God has set before us His finish line, His destination, and His prize. Unlike most of the races people run in this life, the prize isn’t reserved only for the fastest or the first to cross. All we must do to obtain God’s prize is get across the finish line. If we stay on the path God has chosen for us and mapped out in His holy word, we will reach the destination He has prepared: an eternity in His presence and glory. We may falter, but we can get back up. We may fail, but we can repent. But, no matter what, if we keep God’s goal and vision in mind, if we don’t quit, and if we just keep running to the end, we will have achieved the purpose for our life.
Shabbat Shalom (Sabbath Peace) to you, my readers, and may you walk humbly before God Almighty today and always. In the meantime, enjoy this wonderful classic poem (video with narration) called The Race…
When you’re married, sometimes you speak in a language that only belongs to you and your spouse. For me and my husband, that can mean all sorts of things, but one of the things it sometimes means is backward talk. For example, instead of saying, “I understand,” one or the other of us might say, “I stand under.” I’m also fond of saying, “KO” instead of “OK.” I don’t know why.
In today’s reading from Deuteronomy 29:9 through Deuteronomy 29:11, we begin a new week and a new portion. The Hebrew title for this portion, Parashah 51, is Nitzavim, and it means “Standing” in English. This portion also begins another leap-year reading, so a few of the sections (like today’s) are extremely short. Since we have only three verses today, I’m going to paste the text here on the blog. I’m going to use the Easy to Read (ERV) version since the link above takes you to The Complete Jewish Bible (CJB). In the ERV & others, the verses are actually Deuteronomy 29:10-12…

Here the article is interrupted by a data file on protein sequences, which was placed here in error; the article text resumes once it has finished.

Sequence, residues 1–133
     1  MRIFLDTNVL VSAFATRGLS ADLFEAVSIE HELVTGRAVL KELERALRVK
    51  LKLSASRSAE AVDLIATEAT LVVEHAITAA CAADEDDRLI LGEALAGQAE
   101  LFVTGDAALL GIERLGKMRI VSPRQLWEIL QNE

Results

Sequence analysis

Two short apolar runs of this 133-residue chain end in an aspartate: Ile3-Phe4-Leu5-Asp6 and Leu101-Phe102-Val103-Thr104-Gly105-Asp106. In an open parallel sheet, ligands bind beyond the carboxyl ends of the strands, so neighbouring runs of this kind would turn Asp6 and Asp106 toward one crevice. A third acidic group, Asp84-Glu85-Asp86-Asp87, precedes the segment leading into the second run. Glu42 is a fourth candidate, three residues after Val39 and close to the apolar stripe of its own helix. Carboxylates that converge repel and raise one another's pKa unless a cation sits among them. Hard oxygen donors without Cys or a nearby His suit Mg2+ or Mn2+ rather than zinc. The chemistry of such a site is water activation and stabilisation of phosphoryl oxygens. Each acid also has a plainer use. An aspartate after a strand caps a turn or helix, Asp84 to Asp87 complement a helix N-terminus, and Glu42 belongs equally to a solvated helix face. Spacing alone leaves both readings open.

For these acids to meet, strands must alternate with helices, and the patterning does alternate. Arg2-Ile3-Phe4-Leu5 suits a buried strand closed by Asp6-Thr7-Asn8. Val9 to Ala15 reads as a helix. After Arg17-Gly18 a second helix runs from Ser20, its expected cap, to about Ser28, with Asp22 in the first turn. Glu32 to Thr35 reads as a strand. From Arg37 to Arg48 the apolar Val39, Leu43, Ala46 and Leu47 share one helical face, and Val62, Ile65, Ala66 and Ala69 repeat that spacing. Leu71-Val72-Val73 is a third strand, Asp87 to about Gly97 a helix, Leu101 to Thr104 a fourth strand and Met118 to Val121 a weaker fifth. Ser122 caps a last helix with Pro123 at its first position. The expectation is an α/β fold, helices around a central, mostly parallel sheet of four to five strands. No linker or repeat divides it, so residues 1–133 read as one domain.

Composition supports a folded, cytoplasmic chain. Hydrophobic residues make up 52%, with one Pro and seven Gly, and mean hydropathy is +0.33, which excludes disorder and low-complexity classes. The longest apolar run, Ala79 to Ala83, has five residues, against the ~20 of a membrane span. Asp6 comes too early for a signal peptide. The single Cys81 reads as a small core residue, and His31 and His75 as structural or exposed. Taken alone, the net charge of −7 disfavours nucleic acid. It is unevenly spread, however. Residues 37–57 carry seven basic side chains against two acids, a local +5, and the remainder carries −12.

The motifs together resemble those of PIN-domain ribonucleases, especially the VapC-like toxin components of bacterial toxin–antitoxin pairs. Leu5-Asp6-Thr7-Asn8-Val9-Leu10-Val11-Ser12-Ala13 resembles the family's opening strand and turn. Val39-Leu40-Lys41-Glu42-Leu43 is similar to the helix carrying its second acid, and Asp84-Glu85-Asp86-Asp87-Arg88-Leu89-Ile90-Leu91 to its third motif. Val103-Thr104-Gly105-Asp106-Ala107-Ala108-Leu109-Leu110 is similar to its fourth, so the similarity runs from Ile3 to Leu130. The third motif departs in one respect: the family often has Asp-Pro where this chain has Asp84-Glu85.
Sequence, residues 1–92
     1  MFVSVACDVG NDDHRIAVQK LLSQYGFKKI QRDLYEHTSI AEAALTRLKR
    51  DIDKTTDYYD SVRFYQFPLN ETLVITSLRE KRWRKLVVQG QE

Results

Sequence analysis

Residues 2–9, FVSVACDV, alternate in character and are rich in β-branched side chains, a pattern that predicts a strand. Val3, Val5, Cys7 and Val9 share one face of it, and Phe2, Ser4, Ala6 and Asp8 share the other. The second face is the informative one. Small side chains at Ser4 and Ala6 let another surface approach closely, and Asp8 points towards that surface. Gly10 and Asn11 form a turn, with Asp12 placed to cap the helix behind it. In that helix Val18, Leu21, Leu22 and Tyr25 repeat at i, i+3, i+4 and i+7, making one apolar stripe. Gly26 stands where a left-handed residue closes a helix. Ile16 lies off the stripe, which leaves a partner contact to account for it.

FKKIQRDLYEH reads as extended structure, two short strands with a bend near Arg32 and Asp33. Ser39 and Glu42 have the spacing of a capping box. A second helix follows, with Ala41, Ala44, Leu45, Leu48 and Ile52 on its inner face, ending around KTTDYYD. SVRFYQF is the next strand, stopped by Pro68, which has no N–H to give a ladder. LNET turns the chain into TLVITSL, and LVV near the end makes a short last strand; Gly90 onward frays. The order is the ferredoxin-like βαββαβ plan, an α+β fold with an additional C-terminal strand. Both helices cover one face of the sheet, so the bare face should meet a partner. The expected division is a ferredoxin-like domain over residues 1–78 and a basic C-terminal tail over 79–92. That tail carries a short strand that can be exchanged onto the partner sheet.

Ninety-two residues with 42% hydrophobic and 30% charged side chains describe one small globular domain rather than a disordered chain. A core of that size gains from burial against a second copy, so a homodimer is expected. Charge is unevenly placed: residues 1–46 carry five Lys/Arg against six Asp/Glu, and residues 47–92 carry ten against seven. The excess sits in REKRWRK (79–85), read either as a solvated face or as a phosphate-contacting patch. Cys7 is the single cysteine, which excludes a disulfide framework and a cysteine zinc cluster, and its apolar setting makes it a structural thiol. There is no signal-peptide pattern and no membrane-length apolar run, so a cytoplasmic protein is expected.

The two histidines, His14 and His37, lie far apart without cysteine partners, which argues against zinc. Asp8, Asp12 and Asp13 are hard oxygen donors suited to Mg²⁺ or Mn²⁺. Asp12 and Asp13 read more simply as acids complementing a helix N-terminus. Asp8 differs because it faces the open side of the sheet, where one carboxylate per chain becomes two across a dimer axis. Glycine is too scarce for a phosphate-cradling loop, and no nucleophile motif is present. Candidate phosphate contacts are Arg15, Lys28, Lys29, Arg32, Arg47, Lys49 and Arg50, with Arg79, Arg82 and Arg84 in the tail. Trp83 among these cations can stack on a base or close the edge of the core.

Today all of you are standing here before the Lord your God. Your leaders, your officials, your elders, and all the other men are here. Your wives and children are here and also the foreigners living among you—the people who cut your wood and bring you water. You are all here to enter into an agreement with the Lord your God. The Lord your God is making this agreement with you today.
Moses has gathered every person who is ready to cross over into The Promised Land, and he is asking them to stand before God whether they are leaders or followers, men or women, adults or children, Hebrews or foreigners, masters or servants. The instruction from the throne of God to the people who will live in His promise applies to every person there, and every person there is expected to enter into an agreement of obedience to God’s requirements. It’s a Landlord/tenant agreement of the highest order.